[1] Jay E. Smith, “Slogans in 1 Corinthians,” Bibliotheca Sacra 167 (2010): 68-88, 82.
[2] Ibid., 86.
[5] E.g. Martin, The Corinthian Body, 70; Fitzmyer, First Corinthians, 56; Thielman, Paul and the Law, 94.
[6] See below, §2.5.6.
[7] (Gottingen: Vandenhoeck & Ruprecht); Dodd, “Paul's Paradigmatic 'I',” 40; but see Smith, “Slogans in 1 Corinthians,” 80, n.39 who cites John Calvin, Matthew Henry, and Theodoret, as historical examples of this interpretation.
[8] Dodd, “Paul's Paradigmatic 'I',” 43.
[9] Also see Rom 1:12; 2 Cor 9:6; Gal 3:17.  It should be noted that in all there only eight examples of this.
[10] Dodd, "Paul's Paradigmatic 'I,'" 43; 1 Cor 1:19, 31; 2:9; 3:19, 20; 4:6; 6:16; 7:1; 8:1, 4; 9:9; 10:7, 26, 28; 11:24, 25; 12:3, 15, 16, 21; 14:21, 25; 15:27(x2), 33, 35, 45, 54-55.
[11] Bruce N. Fisk, “Porneuein as Body Violation: The Unique Nature of Sexual Sin in 1 Corinthians 6:18,” New Testament Studies 42:4 (1996): 545 n.10.
[12] D. Carson, Showing the Spirit (Grand Rapids, Mich.: Baker, 1987), 55.
[13] Smith, “Slogans in 1 Corinthians,” 84-85.
[14] Ibid., 76.
[15] Ibid., 79.

1 comment:

  1. Please, forgive my ignorance in the question I am about to ask. I hope it reaches you. I'm very glad to have found your page, as I cannot get out to ask anyone who lives around me what I am about to ask, here.

    In looking at I Cor. 6:12 and 10:23 I'm hitting upon the word "lawful." In seeing the word through Strong's I see:


    Third person singular present indicative of a compound of G1537 and G1510; so also ἐξόν exon; neuter present participle of the same (with or without some form of G1510 expressed); impersonally it is right (through the figurative idea of being out in public): - be lawful, let, X may (-est).

    I've also got the BDAG, but the thought of "figurative idea of being out in public" does not show up there. With datives, genitives, tenses and whatnot I'm utterly clueless. I still end my sentences with prepositions. :-( I hate being ignorant! I'm also fearful of not being able to undertake any sort of lessons with Greek and Hebrew. I know of the value of them, though.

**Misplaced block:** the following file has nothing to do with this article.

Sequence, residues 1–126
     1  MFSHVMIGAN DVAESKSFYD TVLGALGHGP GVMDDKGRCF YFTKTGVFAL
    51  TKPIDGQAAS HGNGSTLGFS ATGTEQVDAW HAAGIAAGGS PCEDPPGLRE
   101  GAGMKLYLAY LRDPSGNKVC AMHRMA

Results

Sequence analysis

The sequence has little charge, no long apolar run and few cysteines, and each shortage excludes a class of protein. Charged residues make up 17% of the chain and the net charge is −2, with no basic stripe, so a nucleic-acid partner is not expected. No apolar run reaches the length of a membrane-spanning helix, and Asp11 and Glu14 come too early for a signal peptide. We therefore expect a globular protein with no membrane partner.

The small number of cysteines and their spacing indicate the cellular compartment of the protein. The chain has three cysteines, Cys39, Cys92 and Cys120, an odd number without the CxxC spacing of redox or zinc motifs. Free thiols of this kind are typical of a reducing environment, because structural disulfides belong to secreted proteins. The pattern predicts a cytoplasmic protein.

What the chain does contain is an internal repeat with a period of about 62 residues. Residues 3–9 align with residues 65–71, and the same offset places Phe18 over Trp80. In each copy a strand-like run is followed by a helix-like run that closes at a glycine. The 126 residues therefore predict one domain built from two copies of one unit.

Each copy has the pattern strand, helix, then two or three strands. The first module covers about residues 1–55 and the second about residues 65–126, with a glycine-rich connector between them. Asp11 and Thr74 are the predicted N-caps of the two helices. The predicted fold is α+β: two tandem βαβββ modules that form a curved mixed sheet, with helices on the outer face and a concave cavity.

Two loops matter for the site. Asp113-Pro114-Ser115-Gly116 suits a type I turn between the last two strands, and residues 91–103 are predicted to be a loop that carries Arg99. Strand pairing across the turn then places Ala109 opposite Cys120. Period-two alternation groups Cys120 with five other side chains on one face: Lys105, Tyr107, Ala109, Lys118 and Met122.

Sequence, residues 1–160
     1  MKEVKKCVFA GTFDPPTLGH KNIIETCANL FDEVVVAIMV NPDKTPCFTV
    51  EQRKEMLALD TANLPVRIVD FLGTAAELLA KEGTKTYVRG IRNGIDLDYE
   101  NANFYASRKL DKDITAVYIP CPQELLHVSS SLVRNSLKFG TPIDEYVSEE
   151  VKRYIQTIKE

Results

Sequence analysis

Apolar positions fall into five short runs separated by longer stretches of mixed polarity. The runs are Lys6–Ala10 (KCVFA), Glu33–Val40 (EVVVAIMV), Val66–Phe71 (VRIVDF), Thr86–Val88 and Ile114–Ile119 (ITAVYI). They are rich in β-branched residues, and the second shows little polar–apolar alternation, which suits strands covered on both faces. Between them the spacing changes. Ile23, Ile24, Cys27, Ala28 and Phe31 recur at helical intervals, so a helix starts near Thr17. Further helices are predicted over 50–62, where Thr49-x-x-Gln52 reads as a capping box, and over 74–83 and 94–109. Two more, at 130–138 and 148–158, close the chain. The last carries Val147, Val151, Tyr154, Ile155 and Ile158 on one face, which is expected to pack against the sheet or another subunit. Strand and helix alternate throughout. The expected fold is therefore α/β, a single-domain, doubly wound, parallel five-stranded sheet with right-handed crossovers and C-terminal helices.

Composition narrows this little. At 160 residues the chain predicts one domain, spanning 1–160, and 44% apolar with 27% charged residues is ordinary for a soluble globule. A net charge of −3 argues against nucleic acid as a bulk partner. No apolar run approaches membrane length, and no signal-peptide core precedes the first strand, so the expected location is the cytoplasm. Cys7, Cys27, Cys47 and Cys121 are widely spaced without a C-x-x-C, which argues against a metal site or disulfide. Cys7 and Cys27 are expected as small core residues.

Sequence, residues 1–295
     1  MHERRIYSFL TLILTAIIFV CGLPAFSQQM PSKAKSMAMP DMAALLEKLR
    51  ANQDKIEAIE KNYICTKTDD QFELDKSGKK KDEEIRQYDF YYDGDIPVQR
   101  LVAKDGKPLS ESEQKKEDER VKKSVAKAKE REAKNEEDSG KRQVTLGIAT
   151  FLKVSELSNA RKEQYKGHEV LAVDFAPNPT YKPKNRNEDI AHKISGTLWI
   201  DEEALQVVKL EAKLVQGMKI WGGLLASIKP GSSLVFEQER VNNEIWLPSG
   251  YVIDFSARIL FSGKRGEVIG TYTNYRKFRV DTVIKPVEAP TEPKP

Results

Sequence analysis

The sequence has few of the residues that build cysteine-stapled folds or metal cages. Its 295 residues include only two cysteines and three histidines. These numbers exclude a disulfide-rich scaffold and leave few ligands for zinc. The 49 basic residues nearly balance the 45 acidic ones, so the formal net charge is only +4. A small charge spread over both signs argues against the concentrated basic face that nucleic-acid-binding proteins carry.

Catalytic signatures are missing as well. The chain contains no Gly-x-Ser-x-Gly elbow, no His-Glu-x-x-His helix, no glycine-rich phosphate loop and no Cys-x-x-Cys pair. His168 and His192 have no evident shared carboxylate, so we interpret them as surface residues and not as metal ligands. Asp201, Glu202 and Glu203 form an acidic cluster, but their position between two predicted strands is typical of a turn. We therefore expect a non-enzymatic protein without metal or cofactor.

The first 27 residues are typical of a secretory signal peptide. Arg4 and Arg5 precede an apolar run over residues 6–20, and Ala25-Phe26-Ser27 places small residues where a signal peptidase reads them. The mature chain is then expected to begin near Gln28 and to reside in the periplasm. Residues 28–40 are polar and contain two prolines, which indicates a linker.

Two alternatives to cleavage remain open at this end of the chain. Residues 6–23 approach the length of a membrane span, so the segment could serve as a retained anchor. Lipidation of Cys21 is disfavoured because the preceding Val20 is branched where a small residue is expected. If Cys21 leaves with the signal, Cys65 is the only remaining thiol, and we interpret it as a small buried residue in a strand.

As it is, I'd like to ask a question about possible interpretation of what is presented in I Cor. 6:12 and 10:23. Is there any possibility that the term "lawful" could be acceptably used in the sense of "what is acceptable publicly"?

    The apostle Paul went through a litany of sins (vv. 9-10) and other behaviors (vv. 6-8) prior to stating that "anything," for him, is "lawful." If this were actually the case, then he'd be one of the biggest hypocrites in Scripture. I know that Paul was somewhat sarcastic in his writings (I Cor. 4:7-14; II Cor. 11:16-30; 12:11-13, Gal. 5:12), so, could he have been referring to a general acceptance of matters in the Corinthian public, largely non-believers, (being somewhat sarcastic about it) in order to get the attention of the Corinthian believers? I know, through other studies, that they valued their freedom, so, could Paul have used a generally acceptable thought that was in the public, at large, (in essence, becoming all things to all men so that he might win a few) to highlight his thoughts, dividing what was acceptable in the Corinthian public (everything) as opposed to what is presented and allowable in Scripture? He used this same method at the Areopagus/Mars Hill, as well as quoting from Epimenides to Titus who was on Crete. He spoke these ways in order to emphasize the points he was trying to get across. I know that you know these things, but I'm rambling on in order to try and get the thoughts straight, in my mind. :-)

    Any help you might give, whatever the polarity, would be greatly appreciated in helping me move on with matters.

    Very sincerely,